When President George W. Bush declared earlier this month that the only way to quell sectarian violence in Iraq was to send more than 20,000 additional American troops, he probably knew the move would be unpopular. Indeed, the latest NEWSWEEK poll finds that Bush’s call for a “surge” in troops is opposed by two-thirds (68 percent) of Americans and supported by only a quarter (26 percent). Almost half of all respondents (46 percent) want to see American troops pulled out “as soon as possible.”
Like me and most people I know Americans are clearly sick of the dissembling nonsense, they understand that the president couldn’t lead his way out of a paper bag and they’re tired of hearing him try to cover up his failures with half-assed excuses and blameshifting. The administration doesn’t have any credibility left.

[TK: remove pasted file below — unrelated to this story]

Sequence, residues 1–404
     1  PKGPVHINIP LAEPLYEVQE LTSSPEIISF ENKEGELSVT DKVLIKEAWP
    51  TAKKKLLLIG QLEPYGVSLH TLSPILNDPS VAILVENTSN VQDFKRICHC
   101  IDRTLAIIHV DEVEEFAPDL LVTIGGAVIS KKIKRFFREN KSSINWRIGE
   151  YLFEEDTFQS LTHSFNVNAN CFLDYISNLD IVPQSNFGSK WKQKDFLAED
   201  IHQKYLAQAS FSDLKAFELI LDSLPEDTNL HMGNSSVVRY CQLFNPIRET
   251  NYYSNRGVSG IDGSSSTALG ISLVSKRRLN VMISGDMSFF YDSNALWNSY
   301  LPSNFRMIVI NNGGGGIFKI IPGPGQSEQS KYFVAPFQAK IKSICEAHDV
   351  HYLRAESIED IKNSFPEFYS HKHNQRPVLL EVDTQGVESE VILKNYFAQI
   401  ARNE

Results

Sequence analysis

Even so, 68% seems like an amazingly high number to me. Do that many Americans oppose the general idea of putting more boots in Iraq? I doubt it. The right sales pitch might even convince a loony leftist like me, if for example we need to temporarily up troop levels to make sure that a withdrawal happens safely. In the vast space between me and Hugh Hewitt there are undoubtedly many Americans who think that a decent leader could pull off a win and who wish sadly that we had one. Maybe I’m wrong about this, but I suspect that a decent fraction of that 68% comes from people who might have warmed to the idea if it didn’t have to be implemented by our discredited pinhead-in-chief.